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Closing Auction: Internalization effect throughout imbalance period

Author
Choey Li
Quantitative Research Lead, NYSE

Published
November 17, 2022

The NYSE Closing Auction accounts for 7.3% of total consolidated average daily trading volume in NYSE-listed securities, and over 10% in NYSE-listed securities that are in the S&P 500 Index. In addition to this unique, immense aggregation of liquidity in a single trade, broker-dealers fill some client on-close orders off the exchange prior to the closing auction and then use the closing price after the auction has occurred to complete the transaction. This activity accounts for, on average, roughly 23% of total closing price trading volume in NYSE-listed securities, and we observed similar internalization rates and trends for securities listed on other markets1.

Chart 1: NYSE S&P1500 Closing Price Internalization % by Listing Exchange

Matching orders off exchange prior to the auction precludes that trading interest from participating in the auction itself. This pre-matched trading interest is not included in the paired and imbalance quantities displayed on the imbalance data feed; only the market participants involved in the off-exchange match are aware of this interest’s existence.

NYSE Research studied these instances of internalization and their impact on trading. Our study is based on imbalance feeds and evaluates price drift leading into the auction and price slippage in the closing auction for the highly internalized stocks versus others included in S&P400, S&P500 and S&P600 indexes during the 6-month period of March to September 2022.

Price drift throughout the imbalance period

For this analysis, we defined “Internalization Rate” as described below, to more precisely identify auctions where paired volume data was affected by internalization behavior. The paired quantity reported in the first message out at 3:55pm represents the matched volume in the auction entering the last 5 minutes of continuous trading; more shares paired relative to the total matched shares at close indicates less internalization activity.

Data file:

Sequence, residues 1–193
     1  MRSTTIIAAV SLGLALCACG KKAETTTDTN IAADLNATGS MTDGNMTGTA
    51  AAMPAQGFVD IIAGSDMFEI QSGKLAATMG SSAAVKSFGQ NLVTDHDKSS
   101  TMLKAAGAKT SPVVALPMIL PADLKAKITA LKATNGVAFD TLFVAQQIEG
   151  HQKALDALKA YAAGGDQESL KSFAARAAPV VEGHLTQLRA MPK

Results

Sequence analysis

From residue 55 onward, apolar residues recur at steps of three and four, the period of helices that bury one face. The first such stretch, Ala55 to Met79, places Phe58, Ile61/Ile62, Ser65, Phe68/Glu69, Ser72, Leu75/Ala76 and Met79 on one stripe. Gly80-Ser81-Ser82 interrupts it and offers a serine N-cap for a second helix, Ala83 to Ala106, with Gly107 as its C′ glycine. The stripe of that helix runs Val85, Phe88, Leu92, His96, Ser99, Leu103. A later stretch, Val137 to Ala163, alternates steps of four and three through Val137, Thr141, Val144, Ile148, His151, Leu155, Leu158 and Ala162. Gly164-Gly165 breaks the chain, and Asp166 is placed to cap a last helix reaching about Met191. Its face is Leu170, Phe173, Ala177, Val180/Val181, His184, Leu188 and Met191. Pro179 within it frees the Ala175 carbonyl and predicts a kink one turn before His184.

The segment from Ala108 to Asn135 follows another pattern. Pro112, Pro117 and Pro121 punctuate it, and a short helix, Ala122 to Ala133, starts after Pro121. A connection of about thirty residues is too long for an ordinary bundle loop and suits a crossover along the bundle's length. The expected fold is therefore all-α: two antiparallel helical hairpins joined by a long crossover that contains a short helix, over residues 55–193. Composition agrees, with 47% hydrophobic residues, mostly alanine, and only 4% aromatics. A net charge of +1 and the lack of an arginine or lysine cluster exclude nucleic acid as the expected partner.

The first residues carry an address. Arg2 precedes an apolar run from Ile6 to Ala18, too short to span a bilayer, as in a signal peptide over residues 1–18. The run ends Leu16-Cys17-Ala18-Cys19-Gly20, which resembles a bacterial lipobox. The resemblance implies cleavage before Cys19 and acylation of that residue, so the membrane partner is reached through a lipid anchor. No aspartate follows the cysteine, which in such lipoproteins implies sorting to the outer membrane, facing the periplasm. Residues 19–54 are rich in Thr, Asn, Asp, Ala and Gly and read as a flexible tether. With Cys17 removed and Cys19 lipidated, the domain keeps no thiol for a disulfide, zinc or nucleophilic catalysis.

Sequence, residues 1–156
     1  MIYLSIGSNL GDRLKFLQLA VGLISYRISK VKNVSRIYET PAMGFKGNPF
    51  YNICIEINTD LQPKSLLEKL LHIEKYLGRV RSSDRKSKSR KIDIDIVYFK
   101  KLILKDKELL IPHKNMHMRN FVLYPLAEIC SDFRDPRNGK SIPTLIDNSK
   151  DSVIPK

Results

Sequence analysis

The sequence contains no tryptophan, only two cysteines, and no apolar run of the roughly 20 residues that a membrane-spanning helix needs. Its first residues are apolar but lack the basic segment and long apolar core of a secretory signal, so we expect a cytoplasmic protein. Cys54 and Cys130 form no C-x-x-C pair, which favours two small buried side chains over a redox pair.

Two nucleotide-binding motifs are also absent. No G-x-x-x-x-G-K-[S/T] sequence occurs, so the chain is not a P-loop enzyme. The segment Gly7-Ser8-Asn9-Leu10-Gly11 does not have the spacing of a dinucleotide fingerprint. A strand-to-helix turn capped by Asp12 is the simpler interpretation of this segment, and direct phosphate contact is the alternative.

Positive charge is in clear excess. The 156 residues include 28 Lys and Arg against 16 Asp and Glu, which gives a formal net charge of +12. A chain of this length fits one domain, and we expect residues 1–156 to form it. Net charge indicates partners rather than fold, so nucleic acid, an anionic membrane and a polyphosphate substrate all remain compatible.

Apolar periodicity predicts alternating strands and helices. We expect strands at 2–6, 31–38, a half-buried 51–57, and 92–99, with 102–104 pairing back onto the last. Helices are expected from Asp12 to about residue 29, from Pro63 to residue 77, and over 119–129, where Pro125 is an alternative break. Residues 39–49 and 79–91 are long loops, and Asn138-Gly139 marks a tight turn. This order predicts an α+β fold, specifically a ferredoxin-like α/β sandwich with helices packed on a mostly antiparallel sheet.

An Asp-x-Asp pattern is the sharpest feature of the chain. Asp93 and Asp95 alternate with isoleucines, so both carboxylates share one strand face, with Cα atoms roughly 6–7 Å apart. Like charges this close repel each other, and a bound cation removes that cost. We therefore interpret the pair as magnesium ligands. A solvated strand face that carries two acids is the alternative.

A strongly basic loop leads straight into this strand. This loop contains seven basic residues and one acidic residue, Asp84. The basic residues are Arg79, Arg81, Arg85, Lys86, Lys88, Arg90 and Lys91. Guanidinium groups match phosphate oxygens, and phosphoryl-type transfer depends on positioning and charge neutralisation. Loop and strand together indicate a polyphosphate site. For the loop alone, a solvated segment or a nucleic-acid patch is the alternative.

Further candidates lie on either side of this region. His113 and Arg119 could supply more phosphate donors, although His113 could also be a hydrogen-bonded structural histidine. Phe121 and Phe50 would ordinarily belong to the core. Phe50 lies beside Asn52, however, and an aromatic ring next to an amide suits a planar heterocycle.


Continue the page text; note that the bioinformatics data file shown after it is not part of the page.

We then measured the price drift in individual stocks over the last 5 minutes of trading. To measure the price drift for every stock independently, we excluded the part in the price drift driven by overall market volatility in the last 5 minutes.

We found that median price drift ranged from 3bps to 12bps, and the highly internalized stocks with 5% highest internalization rate showed relatively higher price drift compared to others throughout the last 5 minutes. Particularly, as we moved closer towards the close, we observed a bigger difference in price drift between the highly internalized group and normal group.

The percentage of shares associated with internalization may be directly related with price drift during the imbalance period. The internalized orders may also include information that could be used to effectively move the imbalances published every second and eventually help price the auction closer to its fundamental value.

Chart 2: NYSE S&P1500 Price Drift for Highly Internalized Names and Others

Price slippage in closing auctions

We further measured the closing auction slippage, defined as the price difference between the auction price and 2-minute VWAP preceding the auction. The highly internalized group showed higher slippage at closing auctions, meaning that highly-internalized auctions tended to price further away from end-of-day continuous market trading.

Chart 2: NYSE S&P1500 Closing Auction Slippage for Highly Internalized Names and Others

Summary

  • The highly internalized stocks showed higher price drift throughout the last 5 minutes trading into the close
  • The highly internalized stocks showed higher price slippage in the closing auctions


1. Measured as volume printed to the Trade Reporting Facility within 15 minutes of the closing auction, divided by primary market closing auction volume plus volume printed to the Trade Reporting Facility within 15 minutes of the closing auction.

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